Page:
Prognostic factors and nomogram for the overall survival of bladder cancer bone metastasis: A SEER-based study : Medicine

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Research Article: Observational Study

Prognostic factors and nomogram for the overall survival of bladder cancer bone metastasis: A SEER-based study

Huang, Yu PhDa,b; Xie, Chengxin MDb; Li, Qinglong MMb; Huang, Xiao PhDb; Huang, Wenwen MMb; Yin, Dong MDb,*

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Medicine 102(11):p e33275, March 17, 2023. | DOI: 10.1097/MD.0000000000033275
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1. Introduction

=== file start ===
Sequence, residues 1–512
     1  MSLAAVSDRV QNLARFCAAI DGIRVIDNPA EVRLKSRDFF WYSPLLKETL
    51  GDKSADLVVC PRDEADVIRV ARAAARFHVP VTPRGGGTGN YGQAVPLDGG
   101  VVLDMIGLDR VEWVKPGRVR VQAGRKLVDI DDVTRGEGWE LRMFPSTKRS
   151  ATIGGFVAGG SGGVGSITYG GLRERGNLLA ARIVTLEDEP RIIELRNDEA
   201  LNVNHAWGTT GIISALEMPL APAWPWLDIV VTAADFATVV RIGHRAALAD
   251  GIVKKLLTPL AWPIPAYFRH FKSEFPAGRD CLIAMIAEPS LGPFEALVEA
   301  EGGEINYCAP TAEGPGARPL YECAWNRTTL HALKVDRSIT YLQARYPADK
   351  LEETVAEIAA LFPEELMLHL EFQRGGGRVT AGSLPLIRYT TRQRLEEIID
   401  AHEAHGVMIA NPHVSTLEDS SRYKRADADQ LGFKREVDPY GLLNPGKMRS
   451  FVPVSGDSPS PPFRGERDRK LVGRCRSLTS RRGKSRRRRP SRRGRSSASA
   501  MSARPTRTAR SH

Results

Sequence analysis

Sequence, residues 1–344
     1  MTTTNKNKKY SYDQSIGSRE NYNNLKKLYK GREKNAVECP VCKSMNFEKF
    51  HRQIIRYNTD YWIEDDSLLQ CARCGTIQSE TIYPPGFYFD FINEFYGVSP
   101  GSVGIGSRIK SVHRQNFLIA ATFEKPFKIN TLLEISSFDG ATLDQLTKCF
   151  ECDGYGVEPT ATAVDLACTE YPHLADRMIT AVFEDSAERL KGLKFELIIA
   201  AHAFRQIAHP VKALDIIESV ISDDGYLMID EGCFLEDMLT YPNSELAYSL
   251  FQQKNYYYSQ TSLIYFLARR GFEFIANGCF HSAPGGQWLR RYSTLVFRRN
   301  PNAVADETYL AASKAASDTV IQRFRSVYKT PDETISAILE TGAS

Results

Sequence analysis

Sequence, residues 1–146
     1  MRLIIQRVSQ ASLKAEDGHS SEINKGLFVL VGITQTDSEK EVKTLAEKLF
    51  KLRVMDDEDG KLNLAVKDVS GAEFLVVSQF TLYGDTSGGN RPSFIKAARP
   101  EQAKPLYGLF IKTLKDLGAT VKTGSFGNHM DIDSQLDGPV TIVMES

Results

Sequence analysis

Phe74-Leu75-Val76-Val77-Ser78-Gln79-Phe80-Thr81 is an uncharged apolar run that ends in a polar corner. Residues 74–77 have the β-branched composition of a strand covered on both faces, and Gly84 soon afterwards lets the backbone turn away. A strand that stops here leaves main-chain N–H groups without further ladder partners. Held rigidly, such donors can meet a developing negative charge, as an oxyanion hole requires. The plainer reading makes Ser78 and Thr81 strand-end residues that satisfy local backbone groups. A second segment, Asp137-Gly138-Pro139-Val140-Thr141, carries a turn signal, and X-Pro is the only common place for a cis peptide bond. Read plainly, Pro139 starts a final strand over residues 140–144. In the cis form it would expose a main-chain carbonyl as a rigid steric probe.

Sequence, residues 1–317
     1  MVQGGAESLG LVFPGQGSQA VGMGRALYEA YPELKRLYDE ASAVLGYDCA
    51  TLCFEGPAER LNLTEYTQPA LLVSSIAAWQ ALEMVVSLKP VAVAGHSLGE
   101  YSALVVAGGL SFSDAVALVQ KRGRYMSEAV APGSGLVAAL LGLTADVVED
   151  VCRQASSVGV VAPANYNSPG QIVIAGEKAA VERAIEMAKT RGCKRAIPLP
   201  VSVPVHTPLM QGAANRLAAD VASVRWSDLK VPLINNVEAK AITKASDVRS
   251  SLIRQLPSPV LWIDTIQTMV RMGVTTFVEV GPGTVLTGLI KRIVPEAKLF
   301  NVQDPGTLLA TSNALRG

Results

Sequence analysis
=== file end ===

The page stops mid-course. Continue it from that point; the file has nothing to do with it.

Bladder cancer (BC) has become the most common urinary system malignant tumor and the 4th-most common malignancy in male patients, with over 83,000 new cases and over 17,000 deaths annually in the USA.[1] The treatment of BC faces challenges due to its high recurrence and metastasis rates. Approximately 25% of BC patients will develop metastatic disease during the course of the cancer, with a poor prognosis due to the fact that it invades the muscular layer easily.[2] The 5-year survival rate is 95.8% among BC patients diagnosed in situ, while it is only 4.6% for metastatic disease.[3] Lymph nodes are the most common metastatic site in BC, but a recent study showed that bones could be considered the most common site for distant metastases in BC, and up to 42.9% of metastatic patients present with bone metastases (BM).[4] Compared to patients with BM from other genitourinary cancers, those with bone-metastatic BC (BMBC) have the worst prognosis.[5] The 1-year survival rate was reported to be as low as 21% among patients with BMBC.[6]